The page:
Last Updated on October 30, 2022.
- Choosing a cage is one of the most important decisions you will have to make for your pet. Your hedgehog’s home and environment are one of the keys in determining the quality of life and longevity of your pet.
- You should discuss cage recommendations with your breeder prior to purchasing a new home for your pet.
- Plan on purchasing a cage from your breeder (who will appreciate your support) or have your hedgehog’s cage completely set up BEFORE bringing your hedgehog home.
- Your hedgehog’s cage MUST have a solid bottom. Hedgehogs’ feet are very different from other animals that can tolerate a wire bottom.
- Some enclosures have an open top. An adventurous hedgehog may try to escape. We believe it is easier and safer to prevent an escape than to locate a missing hedgehog.
- Keep in mind that hedgehog’s have piled things against the side of a cage in order to escape!
- Our friend Coley Emde says “The only hedgehog I have ever had escaped climbed atop her siblings and because she was light enough and just tiny enough, was able to fit in between the wires ABOVE the coroplast. I didn’t know how she did it the first time until I watched her trying to do it a second time. I kept her and named her Houdini.”
Cage Size Requirements
- Hedgehogs need plenty of room to move about and play. The minimum size recommended by most hedgehog enthusiasts is 24” x 24,” which equals 576 square inches, or four square feet. Some recommend a minimum of 24″ x 42′ which is 1,008 square inches.
- Many years ago some people recommended 10 gallon aquariums which do not provide nearly enough floor space or ventilation.
- Your cage should have enough room for a wheel, litter box, sleeping bag or nest box, and eating area. Smaller cages don’t have room to accommodate cage accessories that are good to stimulate activity which enhances your hedgehog’s quality of life.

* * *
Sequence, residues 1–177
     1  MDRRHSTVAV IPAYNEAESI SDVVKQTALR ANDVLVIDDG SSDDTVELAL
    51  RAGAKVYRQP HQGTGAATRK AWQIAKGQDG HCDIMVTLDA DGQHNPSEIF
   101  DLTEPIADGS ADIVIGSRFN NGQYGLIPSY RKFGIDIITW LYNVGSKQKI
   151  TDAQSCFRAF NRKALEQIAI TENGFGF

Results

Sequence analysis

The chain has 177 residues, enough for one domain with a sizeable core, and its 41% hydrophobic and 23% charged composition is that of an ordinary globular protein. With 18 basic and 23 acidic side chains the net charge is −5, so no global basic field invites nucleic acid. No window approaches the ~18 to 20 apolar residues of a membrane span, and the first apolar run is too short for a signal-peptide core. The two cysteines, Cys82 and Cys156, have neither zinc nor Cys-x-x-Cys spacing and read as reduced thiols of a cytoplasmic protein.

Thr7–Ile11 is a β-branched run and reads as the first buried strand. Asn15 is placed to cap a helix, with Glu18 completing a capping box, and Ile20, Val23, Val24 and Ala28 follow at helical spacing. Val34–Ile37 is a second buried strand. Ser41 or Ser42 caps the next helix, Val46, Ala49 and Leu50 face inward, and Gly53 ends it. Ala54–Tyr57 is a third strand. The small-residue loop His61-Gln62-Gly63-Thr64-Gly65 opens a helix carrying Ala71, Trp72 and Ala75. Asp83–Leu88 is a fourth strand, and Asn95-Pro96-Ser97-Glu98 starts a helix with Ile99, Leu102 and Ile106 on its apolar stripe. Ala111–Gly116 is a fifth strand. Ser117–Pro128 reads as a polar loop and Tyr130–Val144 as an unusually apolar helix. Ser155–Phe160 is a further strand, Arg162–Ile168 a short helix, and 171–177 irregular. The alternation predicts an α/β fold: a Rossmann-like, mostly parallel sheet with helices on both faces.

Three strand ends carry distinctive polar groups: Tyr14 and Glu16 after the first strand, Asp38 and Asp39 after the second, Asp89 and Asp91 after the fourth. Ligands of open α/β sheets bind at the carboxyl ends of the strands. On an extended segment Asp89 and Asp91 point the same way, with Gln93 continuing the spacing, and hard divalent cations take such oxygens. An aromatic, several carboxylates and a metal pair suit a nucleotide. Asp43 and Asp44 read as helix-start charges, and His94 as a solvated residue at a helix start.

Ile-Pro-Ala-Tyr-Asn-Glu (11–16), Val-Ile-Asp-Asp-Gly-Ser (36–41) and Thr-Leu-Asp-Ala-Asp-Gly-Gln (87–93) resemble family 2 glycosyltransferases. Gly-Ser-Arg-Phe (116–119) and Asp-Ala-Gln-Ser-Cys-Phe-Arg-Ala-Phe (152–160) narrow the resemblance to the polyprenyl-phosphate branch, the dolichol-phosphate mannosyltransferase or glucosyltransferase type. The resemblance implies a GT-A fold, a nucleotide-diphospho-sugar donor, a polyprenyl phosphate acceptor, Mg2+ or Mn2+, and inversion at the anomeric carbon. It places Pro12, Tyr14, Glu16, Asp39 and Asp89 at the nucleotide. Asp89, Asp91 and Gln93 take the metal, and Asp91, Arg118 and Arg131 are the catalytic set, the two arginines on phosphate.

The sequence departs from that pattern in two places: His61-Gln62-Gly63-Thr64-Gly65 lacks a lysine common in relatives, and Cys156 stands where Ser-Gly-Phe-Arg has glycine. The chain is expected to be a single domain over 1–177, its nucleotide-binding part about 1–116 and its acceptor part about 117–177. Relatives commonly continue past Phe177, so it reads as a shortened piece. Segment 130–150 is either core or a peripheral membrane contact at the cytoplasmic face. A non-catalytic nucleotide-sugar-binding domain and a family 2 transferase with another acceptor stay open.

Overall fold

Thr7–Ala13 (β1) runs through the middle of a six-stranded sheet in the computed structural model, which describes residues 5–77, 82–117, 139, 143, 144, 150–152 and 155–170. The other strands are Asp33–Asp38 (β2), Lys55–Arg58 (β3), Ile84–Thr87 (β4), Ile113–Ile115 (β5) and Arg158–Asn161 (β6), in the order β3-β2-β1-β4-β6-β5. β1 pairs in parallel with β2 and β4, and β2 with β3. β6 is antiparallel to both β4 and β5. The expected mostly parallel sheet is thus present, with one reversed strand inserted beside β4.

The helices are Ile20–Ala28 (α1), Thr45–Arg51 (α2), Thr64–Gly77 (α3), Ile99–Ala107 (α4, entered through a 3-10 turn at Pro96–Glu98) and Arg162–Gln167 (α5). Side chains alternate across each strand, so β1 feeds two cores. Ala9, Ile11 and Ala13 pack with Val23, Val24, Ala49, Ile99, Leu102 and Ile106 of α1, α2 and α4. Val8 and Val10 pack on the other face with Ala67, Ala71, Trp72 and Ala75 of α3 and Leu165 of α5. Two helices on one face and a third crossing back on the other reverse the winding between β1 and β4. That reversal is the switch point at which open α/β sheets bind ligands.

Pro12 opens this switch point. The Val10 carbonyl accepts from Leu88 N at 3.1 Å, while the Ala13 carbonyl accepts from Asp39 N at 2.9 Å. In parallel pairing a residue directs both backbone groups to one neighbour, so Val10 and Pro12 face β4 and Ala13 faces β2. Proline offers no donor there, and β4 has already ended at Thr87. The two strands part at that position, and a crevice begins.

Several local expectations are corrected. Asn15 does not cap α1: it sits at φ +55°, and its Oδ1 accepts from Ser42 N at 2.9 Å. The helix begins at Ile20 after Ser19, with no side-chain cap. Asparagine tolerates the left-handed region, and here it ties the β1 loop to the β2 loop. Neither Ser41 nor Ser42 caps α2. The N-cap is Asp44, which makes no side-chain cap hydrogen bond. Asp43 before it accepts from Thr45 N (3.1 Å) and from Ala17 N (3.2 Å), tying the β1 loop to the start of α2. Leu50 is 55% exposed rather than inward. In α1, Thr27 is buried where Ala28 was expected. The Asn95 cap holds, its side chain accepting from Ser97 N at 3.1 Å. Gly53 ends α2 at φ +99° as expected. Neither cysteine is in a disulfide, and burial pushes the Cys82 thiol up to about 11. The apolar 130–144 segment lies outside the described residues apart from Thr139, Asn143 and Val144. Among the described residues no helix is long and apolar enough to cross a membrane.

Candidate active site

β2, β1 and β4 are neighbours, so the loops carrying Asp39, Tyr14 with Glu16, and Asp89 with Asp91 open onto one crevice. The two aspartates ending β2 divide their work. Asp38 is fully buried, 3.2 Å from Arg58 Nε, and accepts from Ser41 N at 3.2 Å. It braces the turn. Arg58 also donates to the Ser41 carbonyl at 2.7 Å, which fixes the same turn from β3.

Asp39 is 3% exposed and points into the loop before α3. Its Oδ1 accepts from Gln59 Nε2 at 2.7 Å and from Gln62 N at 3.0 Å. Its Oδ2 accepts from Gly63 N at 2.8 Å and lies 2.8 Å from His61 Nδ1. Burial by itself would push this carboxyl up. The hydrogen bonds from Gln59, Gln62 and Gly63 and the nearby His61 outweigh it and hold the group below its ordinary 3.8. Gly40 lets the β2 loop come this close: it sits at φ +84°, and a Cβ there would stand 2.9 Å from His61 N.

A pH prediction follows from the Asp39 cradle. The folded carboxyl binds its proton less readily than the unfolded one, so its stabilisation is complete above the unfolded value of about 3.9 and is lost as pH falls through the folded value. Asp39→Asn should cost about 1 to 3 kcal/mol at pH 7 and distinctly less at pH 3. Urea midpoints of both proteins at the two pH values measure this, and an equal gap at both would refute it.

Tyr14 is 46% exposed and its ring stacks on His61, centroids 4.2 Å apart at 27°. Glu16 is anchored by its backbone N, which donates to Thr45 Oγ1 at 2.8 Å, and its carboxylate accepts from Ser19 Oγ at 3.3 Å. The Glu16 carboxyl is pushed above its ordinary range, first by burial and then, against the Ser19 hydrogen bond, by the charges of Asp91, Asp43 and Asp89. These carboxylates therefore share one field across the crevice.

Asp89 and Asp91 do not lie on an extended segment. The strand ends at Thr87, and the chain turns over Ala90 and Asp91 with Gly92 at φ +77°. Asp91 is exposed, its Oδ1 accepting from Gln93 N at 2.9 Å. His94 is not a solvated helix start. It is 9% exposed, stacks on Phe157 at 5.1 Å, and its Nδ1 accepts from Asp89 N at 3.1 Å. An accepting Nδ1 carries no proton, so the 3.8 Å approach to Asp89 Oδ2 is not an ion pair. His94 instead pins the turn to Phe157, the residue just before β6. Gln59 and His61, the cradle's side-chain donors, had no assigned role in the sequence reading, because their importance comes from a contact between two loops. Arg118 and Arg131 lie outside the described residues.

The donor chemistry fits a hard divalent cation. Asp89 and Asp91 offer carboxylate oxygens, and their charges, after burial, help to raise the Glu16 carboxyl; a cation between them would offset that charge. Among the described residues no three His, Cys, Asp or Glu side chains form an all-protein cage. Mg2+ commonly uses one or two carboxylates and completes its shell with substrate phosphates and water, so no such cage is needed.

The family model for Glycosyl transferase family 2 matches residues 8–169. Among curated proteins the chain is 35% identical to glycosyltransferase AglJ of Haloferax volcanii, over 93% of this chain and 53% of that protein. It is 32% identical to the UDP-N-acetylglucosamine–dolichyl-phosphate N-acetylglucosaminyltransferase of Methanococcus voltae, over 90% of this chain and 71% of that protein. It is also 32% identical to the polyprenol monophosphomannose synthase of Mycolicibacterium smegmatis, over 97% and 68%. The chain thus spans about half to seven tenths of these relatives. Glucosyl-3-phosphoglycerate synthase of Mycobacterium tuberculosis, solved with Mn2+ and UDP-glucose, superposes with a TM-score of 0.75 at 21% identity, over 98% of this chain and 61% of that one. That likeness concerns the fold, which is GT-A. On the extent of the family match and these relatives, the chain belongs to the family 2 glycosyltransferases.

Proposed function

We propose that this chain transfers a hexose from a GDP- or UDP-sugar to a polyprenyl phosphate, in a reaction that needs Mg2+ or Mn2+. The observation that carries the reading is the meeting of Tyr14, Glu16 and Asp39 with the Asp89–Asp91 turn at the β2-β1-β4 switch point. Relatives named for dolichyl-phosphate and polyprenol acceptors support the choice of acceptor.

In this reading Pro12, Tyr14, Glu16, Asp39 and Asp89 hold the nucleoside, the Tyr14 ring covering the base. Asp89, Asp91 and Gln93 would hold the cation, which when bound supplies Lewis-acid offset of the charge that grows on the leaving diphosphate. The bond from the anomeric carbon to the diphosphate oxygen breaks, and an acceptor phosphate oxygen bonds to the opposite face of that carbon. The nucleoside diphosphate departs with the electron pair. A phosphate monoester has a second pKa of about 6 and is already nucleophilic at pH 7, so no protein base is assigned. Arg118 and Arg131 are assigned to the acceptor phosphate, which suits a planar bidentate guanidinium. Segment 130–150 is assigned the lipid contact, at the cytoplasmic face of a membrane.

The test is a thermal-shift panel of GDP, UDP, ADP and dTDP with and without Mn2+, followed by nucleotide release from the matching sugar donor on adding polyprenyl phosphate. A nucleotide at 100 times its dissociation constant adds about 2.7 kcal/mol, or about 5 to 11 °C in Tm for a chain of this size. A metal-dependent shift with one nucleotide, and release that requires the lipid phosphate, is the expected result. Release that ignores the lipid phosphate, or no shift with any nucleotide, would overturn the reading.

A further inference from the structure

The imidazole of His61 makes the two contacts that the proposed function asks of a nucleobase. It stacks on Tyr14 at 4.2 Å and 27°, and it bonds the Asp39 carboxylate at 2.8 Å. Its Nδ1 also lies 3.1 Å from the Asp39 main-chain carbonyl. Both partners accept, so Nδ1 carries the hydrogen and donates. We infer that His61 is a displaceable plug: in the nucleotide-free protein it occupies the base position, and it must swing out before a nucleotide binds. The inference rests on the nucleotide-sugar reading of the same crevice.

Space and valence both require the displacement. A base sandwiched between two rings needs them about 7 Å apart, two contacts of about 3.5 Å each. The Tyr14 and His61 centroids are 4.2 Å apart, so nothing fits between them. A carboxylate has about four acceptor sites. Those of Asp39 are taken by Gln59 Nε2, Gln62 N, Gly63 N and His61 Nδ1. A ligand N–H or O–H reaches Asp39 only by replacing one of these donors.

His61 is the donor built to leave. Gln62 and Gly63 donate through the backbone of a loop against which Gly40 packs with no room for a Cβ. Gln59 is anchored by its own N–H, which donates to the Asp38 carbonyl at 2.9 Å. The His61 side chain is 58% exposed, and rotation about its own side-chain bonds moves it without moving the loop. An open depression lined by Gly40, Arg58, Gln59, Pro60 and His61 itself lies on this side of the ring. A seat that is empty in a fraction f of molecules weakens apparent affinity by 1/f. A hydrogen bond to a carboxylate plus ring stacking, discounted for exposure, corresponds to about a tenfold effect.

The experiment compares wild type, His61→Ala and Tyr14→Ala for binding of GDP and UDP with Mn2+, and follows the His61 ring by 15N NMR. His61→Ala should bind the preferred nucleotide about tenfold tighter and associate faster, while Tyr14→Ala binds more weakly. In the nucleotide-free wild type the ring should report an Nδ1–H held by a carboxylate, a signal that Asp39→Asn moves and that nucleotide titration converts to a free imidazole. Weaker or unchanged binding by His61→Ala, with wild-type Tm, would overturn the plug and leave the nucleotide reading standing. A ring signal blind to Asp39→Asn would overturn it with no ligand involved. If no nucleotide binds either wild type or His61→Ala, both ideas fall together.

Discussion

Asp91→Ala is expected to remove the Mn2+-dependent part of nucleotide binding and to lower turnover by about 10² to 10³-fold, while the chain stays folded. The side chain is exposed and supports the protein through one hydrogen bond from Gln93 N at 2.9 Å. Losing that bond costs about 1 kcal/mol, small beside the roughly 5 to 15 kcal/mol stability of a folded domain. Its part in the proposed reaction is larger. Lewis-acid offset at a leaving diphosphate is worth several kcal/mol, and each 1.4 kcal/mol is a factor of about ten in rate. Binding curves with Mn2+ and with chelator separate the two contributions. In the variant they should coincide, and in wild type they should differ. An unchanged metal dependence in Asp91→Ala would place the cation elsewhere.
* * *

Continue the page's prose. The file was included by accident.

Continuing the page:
- In the wild hedgehogs are reported to travel 4 to 7 miles per night in search of food, so it is best to provide the largest space possible for your new pet. Hedgehogs with plenty of room tend to be healthier and happier because they can exercise and explore.
- Without adequate room, a hedgehog can show signs of depression, such as excessive sleeping, refusal to eat, repetitive behaviors like pacing, self-mutilation, etc. http://en.wikipedia.org/wiki/Domesticated_hedgehog#Enclosures
- To double-check the size adequacy of your cage, simply measure the length and width in inches and multiply them together. Your cage size is adequate if that number is 576 or larger. Your cage is probably too small if the number is smaller than 576.
- Smaller cages have been recommended over the years (we were told to start out with a 10 gallon aquarium), but they are certainly not ideal and will not accommodate the recommended wheel, hidey places, toys, litter area, etc.
Things to Consider When Deciding on a Cage
- Ventilation – plenty of air circulation is important for your hedgehog’s health.
- Ability to let in light – hedgehogs need a traditional day and night cycle.
- Cost – explore the various ways in which you can provide the most floor space for your pet to accommodate exercise and accessories.
- Ease of Cleaning & Disinfecting – if your hedgehog’s cage is a pain to clean, you will get tired of cleaning and either clean less or decide your pet is too much work.
- Escape Proof – you don’t want your new pet to escape! It is better to be cautious than sorry.
- Ease in Heating – you want to make sure that you can easily add extra heat sources so that your hedgehog always stays warm.
- Safety – make sure your hedgehog’s cage has no sharp edges or holes. We also strongly suggest evaluating the pros and cons of cages with ramps, levels and multiple layers. Also, it is important to safeguard cages with horizontal bars. Your hedgehog will try to climb these, and can fall and injure himself or herself. A good solution is to line the bars with vinyl. (More can be found about this topic in our Climbing Objects and Multi-level Cages article).
Please review our other cage articles for the pros and cons of each cage option
Contributors: Gail Smith, Nicole Beval, former of Prickly Pair Exotics; Susan Crocker, Susan’s Hawkeye Hedgies, Melissa Ramos